According to Bitdefender, a complex group of Persistent Advanced Threats (PATs), believed to be based in China, have been secretly attacking Southeast Asian governments for the past three years.
The intruder’s infrastructure still seems to be active, even though many Command and Control (C&C) servers are inactive.
The group was supposedly government-sponsored and used many families of malware, including Chinoxy Backdoor, PCShare RAT and FunnyDream Backdoor.
The fact that some of these open source tools are known to be of Chinese origin, as well as the use of other Chinese language sources, has led the researchers to conclude that the group behind these attacks consists of Chinese.
The attacks appear to have started in 2018, with activity increasing significantly in early 2019, when more than 200 systems were infected in five months. The abusers wanted to remain stable in victim networks for as long as possible.
There are indications that the attackers have compromised the domain controllers of the victim’s network, allowing them to move laterally and eventually take control of a large number of machines on that infrastructure, Bitdefender explains in its report.
To persevere, the enemy used digitally signed binary files, which were used to load one of the black passages sideways into memory. Data of interest are identified and filtered using user-defined tools.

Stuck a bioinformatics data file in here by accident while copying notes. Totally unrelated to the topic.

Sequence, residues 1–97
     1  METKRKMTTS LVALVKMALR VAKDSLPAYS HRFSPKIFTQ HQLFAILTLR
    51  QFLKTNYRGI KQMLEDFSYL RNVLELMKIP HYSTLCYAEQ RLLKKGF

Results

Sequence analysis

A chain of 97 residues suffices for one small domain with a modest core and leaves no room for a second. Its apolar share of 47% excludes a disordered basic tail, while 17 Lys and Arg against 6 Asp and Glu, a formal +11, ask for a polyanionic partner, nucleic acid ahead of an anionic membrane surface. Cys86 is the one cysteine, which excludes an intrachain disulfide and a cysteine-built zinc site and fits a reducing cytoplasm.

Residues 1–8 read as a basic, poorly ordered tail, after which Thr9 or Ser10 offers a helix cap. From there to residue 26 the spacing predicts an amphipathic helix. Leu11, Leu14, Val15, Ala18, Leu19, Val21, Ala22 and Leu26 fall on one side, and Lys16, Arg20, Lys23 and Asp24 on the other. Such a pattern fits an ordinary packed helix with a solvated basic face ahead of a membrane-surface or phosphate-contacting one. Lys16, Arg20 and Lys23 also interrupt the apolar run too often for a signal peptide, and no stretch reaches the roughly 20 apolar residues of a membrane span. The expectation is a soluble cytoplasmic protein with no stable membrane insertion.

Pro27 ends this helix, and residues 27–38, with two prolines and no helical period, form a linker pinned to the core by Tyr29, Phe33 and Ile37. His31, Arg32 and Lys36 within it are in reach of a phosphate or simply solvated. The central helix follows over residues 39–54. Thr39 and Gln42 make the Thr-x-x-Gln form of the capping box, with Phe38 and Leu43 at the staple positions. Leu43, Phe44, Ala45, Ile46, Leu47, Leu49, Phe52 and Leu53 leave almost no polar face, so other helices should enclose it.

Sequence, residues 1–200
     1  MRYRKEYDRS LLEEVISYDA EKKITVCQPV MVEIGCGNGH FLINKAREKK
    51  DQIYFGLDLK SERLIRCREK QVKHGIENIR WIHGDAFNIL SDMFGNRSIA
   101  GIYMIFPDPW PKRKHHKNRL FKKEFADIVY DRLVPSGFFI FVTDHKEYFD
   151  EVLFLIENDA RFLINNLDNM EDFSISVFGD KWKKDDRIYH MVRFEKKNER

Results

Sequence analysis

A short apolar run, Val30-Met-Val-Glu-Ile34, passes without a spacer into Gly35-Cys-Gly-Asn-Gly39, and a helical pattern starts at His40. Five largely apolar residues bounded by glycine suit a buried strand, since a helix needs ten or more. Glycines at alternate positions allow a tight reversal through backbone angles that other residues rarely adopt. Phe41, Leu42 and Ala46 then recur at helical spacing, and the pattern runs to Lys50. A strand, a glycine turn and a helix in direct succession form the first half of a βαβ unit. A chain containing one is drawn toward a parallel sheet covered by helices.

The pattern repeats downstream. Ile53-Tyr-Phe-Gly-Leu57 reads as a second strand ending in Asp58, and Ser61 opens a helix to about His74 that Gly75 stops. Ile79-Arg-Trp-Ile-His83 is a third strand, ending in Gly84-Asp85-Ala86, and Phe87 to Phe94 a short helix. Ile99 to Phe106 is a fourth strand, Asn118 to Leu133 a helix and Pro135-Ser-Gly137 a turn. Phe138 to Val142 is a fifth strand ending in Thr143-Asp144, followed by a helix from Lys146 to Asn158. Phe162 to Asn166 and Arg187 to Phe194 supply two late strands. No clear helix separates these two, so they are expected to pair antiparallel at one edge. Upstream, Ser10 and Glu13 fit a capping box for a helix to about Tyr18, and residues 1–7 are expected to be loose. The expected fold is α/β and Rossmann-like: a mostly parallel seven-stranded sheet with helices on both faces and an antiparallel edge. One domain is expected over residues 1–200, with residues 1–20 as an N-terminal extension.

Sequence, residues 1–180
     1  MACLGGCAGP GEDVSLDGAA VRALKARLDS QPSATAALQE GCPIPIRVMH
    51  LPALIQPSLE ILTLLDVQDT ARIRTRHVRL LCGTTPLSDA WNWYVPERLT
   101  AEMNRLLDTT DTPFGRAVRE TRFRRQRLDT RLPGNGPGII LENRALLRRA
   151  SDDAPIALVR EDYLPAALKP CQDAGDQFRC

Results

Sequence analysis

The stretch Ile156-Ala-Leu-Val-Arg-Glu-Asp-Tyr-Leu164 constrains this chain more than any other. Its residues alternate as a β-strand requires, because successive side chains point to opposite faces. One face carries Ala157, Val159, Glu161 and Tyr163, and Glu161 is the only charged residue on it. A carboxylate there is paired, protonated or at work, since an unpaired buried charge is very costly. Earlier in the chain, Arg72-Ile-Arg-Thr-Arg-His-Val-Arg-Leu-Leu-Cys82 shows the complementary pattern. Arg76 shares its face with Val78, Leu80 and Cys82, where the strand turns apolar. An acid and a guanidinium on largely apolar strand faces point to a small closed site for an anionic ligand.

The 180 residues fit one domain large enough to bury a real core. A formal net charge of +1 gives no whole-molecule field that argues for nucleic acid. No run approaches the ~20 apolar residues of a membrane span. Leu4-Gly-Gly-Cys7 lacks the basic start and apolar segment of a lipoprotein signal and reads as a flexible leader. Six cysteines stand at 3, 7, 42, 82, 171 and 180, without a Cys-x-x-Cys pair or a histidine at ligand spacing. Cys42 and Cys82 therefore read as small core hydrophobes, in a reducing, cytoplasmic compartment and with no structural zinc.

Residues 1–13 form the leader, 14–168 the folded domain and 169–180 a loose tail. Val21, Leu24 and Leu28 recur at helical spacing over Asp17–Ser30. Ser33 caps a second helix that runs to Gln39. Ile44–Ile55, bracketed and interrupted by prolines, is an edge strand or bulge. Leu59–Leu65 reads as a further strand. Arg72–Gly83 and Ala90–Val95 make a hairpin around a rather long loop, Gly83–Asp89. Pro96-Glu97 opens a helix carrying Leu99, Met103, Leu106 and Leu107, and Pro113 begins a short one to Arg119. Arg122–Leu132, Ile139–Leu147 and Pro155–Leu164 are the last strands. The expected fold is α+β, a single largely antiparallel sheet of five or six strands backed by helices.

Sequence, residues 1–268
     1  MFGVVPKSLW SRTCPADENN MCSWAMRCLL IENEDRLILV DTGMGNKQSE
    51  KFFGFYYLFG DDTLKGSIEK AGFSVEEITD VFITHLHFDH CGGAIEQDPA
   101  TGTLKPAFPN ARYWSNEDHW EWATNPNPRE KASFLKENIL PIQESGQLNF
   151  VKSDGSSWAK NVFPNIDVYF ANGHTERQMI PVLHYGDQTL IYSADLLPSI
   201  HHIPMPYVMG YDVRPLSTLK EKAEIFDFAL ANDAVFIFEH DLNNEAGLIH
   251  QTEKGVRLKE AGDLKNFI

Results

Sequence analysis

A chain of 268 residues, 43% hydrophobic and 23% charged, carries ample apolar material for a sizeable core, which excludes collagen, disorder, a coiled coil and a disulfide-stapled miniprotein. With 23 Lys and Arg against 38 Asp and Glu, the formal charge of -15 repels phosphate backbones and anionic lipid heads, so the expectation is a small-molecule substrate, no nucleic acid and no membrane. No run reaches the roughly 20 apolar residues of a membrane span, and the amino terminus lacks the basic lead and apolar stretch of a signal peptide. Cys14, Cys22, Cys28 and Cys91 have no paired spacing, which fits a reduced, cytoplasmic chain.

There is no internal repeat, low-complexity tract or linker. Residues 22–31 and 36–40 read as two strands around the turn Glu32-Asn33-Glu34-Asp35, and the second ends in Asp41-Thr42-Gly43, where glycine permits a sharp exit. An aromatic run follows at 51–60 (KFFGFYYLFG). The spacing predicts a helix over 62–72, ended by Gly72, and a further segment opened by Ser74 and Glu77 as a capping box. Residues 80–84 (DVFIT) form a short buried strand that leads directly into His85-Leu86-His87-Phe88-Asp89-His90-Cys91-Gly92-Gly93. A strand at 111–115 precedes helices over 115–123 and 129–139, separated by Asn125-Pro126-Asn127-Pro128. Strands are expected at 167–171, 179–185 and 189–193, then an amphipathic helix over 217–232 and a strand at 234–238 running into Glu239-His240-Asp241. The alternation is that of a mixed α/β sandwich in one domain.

In 2018, the group used the Chinoxy back door to determine persistence, after which the open source PcShare of the Chinese TAR was used. The ccf32 tool was used to collect files, and from 2019 the same tool (and other tools) was used to infect FunnyDream.
The command line tool used for data collection, ccf32, can be used to list all files on the hard disk or only in the specified destination folders. It also allows attackers to filter files by extension, collect interesting files in a hidden folder in the current location and then add these files to the archive sent to the attackers.
The FunnyDream backdoor is the most advanced malware used by the threat agent and is made available mainly as DLL to infected computers, but in some cases also as an executable file. Possibilities include information gathering and exfiltration, followed by cleaning, bypass detection and order processing.
The malware contains several components to perform actions such as file collection (Filepak and FilePakMonitor), screen recording (ScreenCap), Key Record, internal network access (TcpBridge) and network bypass (TcpTransfer).
The most complex and customizable component of the back door is Md_client, which is able to collect system information, create a remote shell, write folders, download files, execute commands and delete folders.
During the investigation, Bitdefender’s security researchers discovered that C&C addresses are hard-coded into malware binaries and that most of the cybercriminal infrastructure is located in Hong Kong, while there are only three servers elsewhere (Vietnam, China and South Korea).
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Ionat Argir is the international correspondent for Security Week.
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